Roger Ebert's passing today is heartbreaking to the writing community and to budding writers who need an example of what it is to have a voice in the world and use that voice to great effect.
Last year he quietly helped save the University of Illinois student newspaper at our mutual alma mater, the Daily Illini. It's where many young journalists first found their sea legs as writers. Champaign-Urbana, Illinois was his hometown and he kept the Midwestern quality of remembering where he came from, and offering support over the years. I still have a copy of his book A Kiss Is Still A Kiss where he wrote: "And Don't You Forget it!" on my dust jacket.
As a journalism freak from grade school onward I was more excited to meet Jack Anderson, Mike Royko and Roger Ebert than whoever was the pop star at the time (because I honestly wouldn't have known). One of my first Daily Illini articles was about a student whose battle with manic depression led to suicide. I went to his family's home for Thanksgiving at their invitation, and absorbed the heartbreak because as his father told me, "If this causes one child to call home and not think there's no way out it will be worth it." We cried all the way through to the pumpkin pie.
College newspapering led to a Chicago suburban paper job which eventually led to freelance with a side of social media or whatever this is now. Ebert practically invented the model of a reporter as an individual presence on Twitter. He led by example using his voice on the new platform as he, with the help of his wife Chaz, fought to keep his voice in life.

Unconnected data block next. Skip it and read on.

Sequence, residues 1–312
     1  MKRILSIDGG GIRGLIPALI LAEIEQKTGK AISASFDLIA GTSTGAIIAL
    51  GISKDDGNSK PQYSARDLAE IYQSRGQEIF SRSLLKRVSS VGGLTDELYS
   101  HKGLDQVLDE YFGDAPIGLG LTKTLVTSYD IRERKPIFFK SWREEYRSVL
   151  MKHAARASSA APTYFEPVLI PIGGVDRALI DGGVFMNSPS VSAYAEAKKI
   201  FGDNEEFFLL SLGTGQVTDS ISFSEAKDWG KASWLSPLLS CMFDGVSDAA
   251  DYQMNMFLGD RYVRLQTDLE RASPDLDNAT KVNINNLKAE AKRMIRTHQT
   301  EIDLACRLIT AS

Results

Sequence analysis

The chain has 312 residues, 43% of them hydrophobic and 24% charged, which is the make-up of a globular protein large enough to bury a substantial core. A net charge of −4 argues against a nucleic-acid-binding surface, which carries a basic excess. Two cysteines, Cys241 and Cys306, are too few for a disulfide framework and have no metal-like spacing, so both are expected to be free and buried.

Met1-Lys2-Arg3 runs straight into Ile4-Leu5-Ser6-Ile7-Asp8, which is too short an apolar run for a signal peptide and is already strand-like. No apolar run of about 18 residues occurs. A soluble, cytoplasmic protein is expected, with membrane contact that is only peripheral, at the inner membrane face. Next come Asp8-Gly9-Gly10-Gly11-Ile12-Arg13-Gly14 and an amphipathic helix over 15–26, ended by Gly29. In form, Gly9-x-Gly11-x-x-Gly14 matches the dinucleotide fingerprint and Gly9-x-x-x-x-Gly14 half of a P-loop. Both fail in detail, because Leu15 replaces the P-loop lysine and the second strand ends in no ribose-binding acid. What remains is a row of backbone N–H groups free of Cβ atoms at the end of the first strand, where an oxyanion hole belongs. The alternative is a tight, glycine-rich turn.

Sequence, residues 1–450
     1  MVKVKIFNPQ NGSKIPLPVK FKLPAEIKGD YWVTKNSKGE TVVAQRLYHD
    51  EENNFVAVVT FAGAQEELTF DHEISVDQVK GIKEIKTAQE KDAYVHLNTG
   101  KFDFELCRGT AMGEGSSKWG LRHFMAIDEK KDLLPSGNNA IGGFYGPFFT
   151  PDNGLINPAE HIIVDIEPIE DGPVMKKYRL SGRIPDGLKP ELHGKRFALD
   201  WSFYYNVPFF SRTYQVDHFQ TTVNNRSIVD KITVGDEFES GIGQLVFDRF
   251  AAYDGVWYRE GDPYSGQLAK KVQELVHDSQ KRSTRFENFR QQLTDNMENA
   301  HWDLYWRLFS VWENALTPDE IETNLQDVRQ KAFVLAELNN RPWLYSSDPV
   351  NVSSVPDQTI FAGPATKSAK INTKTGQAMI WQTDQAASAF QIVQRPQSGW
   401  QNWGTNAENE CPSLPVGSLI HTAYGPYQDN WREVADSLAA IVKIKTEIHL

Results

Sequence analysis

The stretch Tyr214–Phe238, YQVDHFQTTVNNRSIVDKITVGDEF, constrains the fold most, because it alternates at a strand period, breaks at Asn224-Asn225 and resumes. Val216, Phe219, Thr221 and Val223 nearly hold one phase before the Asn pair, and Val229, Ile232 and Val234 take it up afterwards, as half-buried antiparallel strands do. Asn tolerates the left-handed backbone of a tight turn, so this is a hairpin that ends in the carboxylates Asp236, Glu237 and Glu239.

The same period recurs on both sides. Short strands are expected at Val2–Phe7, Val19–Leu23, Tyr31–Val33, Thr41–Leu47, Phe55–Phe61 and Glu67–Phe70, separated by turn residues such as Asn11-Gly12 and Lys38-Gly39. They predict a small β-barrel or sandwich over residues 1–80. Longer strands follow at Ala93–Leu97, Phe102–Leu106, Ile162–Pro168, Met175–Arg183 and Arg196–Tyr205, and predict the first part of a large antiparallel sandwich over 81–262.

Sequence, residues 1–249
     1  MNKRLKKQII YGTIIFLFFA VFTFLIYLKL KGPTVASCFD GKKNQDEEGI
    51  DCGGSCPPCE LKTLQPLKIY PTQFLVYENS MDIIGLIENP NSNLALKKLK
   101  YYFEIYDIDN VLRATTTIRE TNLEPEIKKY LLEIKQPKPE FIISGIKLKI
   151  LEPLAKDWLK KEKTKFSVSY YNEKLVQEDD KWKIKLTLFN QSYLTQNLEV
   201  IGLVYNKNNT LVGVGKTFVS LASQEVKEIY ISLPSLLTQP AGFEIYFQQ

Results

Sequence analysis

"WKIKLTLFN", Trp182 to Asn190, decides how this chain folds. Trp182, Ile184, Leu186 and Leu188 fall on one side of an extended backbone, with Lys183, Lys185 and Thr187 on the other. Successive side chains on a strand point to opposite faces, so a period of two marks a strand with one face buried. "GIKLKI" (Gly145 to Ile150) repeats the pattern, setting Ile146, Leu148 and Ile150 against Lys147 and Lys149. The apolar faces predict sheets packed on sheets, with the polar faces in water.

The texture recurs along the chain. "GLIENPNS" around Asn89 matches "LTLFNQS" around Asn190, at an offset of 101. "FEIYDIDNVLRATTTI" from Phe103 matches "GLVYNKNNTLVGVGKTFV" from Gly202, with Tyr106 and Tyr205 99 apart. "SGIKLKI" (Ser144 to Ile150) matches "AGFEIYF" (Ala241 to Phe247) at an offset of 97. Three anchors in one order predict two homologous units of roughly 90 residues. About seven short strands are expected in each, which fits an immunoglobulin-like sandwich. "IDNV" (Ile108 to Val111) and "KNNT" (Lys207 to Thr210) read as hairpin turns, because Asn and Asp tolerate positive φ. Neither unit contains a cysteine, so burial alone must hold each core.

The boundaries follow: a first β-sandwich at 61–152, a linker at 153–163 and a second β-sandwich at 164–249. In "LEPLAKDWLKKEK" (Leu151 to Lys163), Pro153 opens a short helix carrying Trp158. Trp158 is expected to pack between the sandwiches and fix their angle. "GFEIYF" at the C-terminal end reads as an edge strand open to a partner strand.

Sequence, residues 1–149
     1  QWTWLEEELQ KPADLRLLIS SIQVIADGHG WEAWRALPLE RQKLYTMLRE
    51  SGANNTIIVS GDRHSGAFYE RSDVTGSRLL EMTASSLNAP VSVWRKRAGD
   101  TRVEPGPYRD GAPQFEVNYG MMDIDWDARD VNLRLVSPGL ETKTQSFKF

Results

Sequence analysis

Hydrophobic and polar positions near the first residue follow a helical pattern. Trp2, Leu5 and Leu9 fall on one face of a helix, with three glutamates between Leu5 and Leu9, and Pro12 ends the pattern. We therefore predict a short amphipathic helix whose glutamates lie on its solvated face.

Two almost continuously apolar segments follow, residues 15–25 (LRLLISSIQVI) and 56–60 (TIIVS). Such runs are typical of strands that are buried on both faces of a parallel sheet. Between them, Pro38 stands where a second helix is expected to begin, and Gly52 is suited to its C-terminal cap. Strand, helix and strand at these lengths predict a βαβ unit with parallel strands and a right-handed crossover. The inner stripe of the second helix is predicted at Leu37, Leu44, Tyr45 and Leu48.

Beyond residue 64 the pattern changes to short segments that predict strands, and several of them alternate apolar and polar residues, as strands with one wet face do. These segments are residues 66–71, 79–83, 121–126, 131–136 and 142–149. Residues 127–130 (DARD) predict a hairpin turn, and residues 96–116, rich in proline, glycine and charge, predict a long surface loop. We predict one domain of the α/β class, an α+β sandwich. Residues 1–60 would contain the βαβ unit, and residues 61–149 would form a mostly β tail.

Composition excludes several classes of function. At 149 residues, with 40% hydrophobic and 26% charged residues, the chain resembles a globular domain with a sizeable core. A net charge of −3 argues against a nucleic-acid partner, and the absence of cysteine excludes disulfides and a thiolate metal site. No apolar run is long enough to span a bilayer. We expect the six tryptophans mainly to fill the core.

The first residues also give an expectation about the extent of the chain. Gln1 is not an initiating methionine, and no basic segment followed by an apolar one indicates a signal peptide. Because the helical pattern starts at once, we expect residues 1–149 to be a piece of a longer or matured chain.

The first thing most modern media groups will tell you at a job interview is that in this new normal, your Twitter opinions will be screened, parsed and graded. And any discussion of politics is off the table. Had he not been a legend and supported in speaking out by the Sun Times, Roger Ebert probably wouldn't have lasted five minutes in a media atmosphere that can choke a writer's most important instrument -- his or her voice. He could rebut one of Sarah Palin's screeds, review the hell out a movie, talk about whatever was for dinner and riff on the news, all in one day of Twitter. As one will.
When 20th Century Fox boycotted At The Movies over a bad review in the '90s, Ebert and Gene Siskel held firm and the studio eventually capitulated. Hopefully with less terrible films. Because when you've sold your opinion to the highest bidder it can be dressed up in verbiage such as compensated influencer, brand advocate whatever godawful thing it's called next, but the fact remains that you may have become a shill. And it's hard to de-shill oneself when that particular bird has flown the coop.
Ebert never caved. His voice was bold, honest, logical, brilliant, decent, kind, hilarious, all the things our voices long to be when they grow up. Roger Ebert has left the aisle seat, but the truth remains the eternal truth. And don't you forget it.
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